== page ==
The Basilica of Sant’Andrea has always been an important place for religious pilgrimages as it preserves in its crypt the Sacred Vessels, precious ampoules containing the Blood of Christ. Legend has it that Longinus, the Roman solider who pierced Christ on the Cross, collected the blood and brought it to Mantua. The relic is carried in a procession through the city on Good Friday.

Another important destination for pilgrims is the Sanctuary of Madonna delle Grazie, in the village of Grazie di Curtatone in the south of the city. The Sanctuary was commissioned by Francesco I Gonzaga in 1399 as an offering to the Virgin for the end of the plague. In Lombard Gothic style, the Sanctuary was renovated and decorated again in the sixteenth century. It preserves on the inside a very vivid example of popular faith: the wooden structure on the side has life-sized statues from the seventeenth century made of papier-mâché and other different materials. A stuffed crocodile hangs from the ceiling: according to local tradition, the crocodile was an offering to the Virgin left by a boatman who managed to escape an aggression from the animal. Yet radioactive carbon analysis revealed that the crocodile must have actually been found in the river Nile and that it was most probably captured at the same period as the building of the Sanctuary.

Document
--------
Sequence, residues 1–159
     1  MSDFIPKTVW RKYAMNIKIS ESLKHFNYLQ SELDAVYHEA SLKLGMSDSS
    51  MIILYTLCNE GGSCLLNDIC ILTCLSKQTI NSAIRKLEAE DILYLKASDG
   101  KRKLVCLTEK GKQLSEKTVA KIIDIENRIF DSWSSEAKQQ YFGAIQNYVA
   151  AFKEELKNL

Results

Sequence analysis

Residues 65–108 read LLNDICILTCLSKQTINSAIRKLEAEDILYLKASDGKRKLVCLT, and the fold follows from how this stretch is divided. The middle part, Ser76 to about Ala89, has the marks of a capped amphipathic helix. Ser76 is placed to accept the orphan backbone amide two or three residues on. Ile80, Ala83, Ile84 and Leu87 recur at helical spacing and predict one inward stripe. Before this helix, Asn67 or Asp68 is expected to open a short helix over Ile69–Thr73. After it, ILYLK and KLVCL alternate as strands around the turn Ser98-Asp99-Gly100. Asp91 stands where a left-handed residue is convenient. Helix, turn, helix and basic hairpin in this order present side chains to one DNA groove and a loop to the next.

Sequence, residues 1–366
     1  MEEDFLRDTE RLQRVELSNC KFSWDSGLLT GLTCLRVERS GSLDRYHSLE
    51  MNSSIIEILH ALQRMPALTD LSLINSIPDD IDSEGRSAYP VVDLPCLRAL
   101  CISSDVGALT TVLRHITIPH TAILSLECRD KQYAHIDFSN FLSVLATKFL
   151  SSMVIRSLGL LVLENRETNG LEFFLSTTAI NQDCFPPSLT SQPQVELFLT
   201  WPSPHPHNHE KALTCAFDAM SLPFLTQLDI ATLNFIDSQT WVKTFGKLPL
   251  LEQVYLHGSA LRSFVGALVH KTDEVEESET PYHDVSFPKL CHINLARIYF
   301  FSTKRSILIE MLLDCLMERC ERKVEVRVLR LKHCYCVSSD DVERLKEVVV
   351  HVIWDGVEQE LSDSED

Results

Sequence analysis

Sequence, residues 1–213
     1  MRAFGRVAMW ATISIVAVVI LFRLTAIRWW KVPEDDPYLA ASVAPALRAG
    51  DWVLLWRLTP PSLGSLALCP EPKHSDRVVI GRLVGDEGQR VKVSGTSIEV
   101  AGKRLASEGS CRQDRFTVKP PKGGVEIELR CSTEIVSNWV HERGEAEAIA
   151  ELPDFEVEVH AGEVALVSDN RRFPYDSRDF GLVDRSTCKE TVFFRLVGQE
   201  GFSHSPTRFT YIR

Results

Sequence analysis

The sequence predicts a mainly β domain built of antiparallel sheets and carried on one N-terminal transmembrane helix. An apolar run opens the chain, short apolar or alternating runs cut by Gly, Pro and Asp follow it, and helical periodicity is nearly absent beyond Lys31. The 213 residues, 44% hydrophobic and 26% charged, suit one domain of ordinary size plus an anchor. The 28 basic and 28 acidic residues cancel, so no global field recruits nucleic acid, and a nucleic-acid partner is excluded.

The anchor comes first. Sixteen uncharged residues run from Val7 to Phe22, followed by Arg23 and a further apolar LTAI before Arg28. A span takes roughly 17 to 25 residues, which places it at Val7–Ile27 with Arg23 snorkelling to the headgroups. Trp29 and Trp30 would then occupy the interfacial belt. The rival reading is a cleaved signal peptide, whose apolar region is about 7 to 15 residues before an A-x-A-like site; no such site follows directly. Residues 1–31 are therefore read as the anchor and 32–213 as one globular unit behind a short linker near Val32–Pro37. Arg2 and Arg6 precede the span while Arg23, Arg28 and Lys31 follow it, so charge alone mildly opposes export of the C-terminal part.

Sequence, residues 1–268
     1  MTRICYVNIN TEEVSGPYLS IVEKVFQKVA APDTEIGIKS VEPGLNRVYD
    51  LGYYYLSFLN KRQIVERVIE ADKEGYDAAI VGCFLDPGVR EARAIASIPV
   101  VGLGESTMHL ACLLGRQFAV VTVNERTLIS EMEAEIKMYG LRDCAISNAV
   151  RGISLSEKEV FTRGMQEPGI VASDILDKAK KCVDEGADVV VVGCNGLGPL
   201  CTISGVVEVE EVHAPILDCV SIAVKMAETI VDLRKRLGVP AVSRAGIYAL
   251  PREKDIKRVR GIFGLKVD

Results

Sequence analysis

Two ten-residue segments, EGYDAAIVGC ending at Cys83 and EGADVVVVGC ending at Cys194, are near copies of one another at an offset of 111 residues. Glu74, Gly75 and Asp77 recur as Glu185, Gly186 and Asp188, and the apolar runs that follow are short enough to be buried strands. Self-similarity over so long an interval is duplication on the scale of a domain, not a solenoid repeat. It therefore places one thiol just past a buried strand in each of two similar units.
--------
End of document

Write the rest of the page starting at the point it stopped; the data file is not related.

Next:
During Ferragosto, in mid-August, the ancient Fiera delle Grazie takes place. The Fair hosts in the churchyard of the Sanctuary the international competition of Madonnari, pavement and street artists who paint religious objects using chalk.

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